For a few seasons now people have wondered whether Communityand showrunner Dan Harmon’s #SixSeasonsAndAMovie campaign would wear on the show’s creative freedom.  Did Community really have enough material to cover six seasons a movie?  Until now the answer has been yes.  However, season six is finally the point in which this show seems to be straining.  There are still some great moments in what is presumably the final season of this wacky show (this show has always known how to do a wicked paintball episode or a fulfilling finale), but the paper thin cast and too much repetition of jokes are a major grind on this season.

            Season six of Community picks up with the study group having been transformed into an improvement group for Greendale.  When Annie (Alison Brie) accidentally forgets a major task, the group is forced to call in help from a safety consultant (Paget Brewster), which unsettles the balance of the study group.

            With Yvette Nicole Brown unexpectedly leaving before the beginning of this season, the mass exodus of cast members in recent seasons was certainly felt this season.  With only six original cast members left, bit players like Dean Pelton (Jim Rash) are allowed to shine in even further expanded roles and problem characters like Chang (Ken Jeong) are finally given some decent material.  However, the ensemble chemistry that made this show so delightful in earlier seasons seems to be non-existent now.  Worsening matters are the additions of Paget Brewster and Keith David as replacement study group members.  Paget Brewster is pretty much playing a party pooper, but the show unfortunately isn’t aware that she is as much of a buzz kill to the viewers as she is to the characters.  Meanwhile, Keith David brings nothing in what should have been another zany character added to an ensemble filled with them.

            The show does have its moments, and that’s especially the case in the final few episodes where “Modern Espionage” (a paintball episode that spoofs Captain America: The Winter Soldier to great effect) and “Emotional Consequences of Broadcast Television” (a great series finale if it happens to be the case that features strong performances from Joel McHale and Alison Brie) emerge as highlights.  However, too often this season the show feels like it’s still trying to find a rhythm, and that should not be happening in what might end up being the final season of a show.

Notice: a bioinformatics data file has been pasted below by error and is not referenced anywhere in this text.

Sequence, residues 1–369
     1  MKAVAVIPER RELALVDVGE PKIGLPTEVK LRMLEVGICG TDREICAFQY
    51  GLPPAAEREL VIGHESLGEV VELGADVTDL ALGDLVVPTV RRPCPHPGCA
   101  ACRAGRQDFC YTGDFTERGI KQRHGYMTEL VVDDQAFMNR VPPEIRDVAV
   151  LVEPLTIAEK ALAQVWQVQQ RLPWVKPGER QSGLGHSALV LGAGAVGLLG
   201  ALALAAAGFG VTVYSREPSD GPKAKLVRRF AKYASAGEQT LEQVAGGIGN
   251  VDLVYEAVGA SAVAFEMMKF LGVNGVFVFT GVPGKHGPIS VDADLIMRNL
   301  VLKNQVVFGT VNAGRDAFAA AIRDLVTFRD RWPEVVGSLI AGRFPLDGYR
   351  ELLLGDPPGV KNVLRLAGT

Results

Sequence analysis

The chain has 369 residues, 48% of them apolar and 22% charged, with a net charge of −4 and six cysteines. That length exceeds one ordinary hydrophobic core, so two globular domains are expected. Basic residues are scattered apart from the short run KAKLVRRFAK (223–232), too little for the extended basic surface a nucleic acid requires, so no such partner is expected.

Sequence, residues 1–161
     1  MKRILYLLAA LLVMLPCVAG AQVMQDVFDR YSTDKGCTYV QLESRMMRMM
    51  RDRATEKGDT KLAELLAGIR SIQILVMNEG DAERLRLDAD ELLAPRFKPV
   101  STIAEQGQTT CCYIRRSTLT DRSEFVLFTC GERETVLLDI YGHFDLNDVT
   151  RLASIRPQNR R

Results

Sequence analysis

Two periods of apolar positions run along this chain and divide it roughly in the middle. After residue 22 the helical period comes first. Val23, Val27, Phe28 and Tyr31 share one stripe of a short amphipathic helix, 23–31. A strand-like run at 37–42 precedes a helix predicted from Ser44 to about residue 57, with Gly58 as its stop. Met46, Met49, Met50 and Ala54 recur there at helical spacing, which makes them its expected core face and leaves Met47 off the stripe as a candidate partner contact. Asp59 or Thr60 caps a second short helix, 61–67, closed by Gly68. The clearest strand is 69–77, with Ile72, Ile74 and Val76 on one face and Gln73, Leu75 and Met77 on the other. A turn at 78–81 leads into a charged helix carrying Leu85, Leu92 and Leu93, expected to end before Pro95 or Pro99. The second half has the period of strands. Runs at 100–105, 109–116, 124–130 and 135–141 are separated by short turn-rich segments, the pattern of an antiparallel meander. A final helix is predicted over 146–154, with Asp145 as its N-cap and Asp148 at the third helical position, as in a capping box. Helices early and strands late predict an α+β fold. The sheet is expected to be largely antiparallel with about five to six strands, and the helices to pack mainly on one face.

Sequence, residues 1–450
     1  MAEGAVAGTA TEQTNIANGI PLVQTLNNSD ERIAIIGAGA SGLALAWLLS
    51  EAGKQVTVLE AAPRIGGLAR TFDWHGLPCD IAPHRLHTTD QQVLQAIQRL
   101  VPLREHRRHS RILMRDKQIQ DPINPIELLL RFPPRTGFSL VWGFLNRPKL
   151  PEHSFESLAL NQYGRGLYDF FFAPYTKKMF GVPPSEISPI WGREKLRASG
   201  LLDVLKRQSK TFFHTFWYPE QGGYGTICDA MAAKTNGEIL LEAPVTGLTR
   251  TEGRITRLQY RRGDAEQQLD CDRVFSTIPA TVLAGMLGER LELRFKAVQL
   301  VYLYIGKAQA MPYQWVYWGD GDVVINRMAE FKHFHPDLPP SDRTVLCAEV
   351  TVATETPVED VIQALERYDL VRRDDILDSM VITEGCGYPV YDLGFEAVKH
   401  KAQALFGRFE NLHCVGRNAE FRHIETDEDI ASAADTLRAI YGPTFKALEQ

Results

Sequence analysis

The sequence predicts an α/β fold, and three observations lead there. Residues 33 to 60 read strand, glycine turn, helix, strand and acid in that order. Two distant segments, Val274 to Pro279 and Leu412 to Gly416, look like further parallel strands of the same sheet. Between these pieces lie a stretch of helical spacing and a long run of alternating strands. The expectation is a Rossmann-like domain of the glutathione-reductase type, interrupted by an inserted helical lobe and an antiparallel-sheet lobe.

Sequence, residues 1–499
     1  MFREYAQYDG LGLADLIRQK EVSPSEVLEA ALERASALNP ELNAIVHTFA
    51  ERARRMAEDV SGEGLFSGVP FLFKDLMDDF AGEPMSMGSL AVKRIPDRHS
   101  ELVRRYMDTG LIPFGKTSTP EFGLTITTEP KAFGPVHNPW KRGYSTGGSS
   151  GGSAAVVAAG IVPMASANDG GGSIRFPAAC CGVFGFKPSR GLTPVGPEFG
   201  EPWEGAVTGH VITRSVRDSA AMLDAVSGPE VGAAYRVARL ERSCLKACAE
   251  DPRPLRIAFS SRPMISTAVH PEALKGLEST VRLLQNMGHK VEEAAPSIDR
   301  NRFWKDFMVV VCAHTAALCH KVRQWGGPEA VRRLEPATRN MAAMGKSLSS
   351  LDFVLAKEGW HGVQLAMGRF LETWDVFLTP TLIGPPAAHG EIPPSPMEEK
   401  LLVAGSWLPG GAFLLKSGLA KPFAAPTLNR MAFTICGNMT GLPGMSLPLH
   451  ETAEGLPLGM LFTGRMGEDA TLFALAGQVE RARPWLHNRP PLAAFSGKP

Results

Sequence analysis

Season six of Community makes you slightly question whether #SixSeasonsAndAMovie is all worth it.


Entourage Review

            Times are always changing.  That has a lot to do with the negative reception that the new Entouragefilm has received from critics.  Entourage was once a critically acclaimed, Best Comedy Series Emmy nominee that has now become the butt of every critic’s joke over the past week.  That’s not because of a major downgrade in quality, but because we now live in an era of political correctness that did not exist when Entourage first premiered on HBO in 2004.  The misogyny on display during this film is deplorable, and it’s a shame that the one good female character from the show (Constance Zimmer’s Dana Gordon) is reduced to nothing more than a glorified cameo.  However, it’s not like this was a quality that just randomly manifested itself during the film.  It was there from the very beginning, and the obsession over the misogyny of the film from most critics actually causes some really good qualities from this film to be ignored.  Entouragehas way too many storylines going on, but what works, really works, as Johnny Drama and Ari Gold remain the iconic characters that they were on the show.

            Entourage picks up with Vincent Chase (Adrien Grenier) convincing Ari (Jeremy Piven), Vinny’s former agent turned studio head, to give him his next big feature as his directorial debut.  Problems arise when Vinny goes over budget and the team needs to convince a wealthy heir (an unrecognizable, adult form Haley Joel Osment) to give them the money despite his disdain for Drama (Kevin Dillon).  This is a film that you can go into without watching the TV show it is based off of, but you will be missing a lot of inside jokes and an already established affection for some of the characters.

            At it’s best Entourage was a fantastic satire of Hollywood with scene stealing performances from Jeremy Piven and Kevin Dillon.  Unfortunately, in terms of the first part, the movie isn’t as deft as the series could be at times.  The Hollywood on display here is rather ridiculous, which doesn’t fall in line much with the show that once predicted Avatar in hilarious fashion with its James Cameron’s Aquaman arc.  However, the movie more than delivers on the second point.  The film puts Piven and Dillon in positions where they can really go with it with their characters.  Piven’s Ari gets an extended tirade that is up there as one of his best, while Dillon’s Drama gets an ending that the whole series has been seemingly leading to.  Even some of the more problematic characters on the show (like Turtle) get some good material.

            Unfortunately, not all of the plotlines work.  Vinny’s attempt to direct a film feels rather lifeless thanks to a performance from Adrian Grenier that just doesn’t work, and the less said the better about E’s problems during the course of the film.  It’s most likely where all of the negativity towards the film is coming from.

            Entourage ultimately falls in line with the more mediocre seasons of the show.  It doesn’t get anywhere close to the heights of season 2 but isn’t the disaster that the final season was.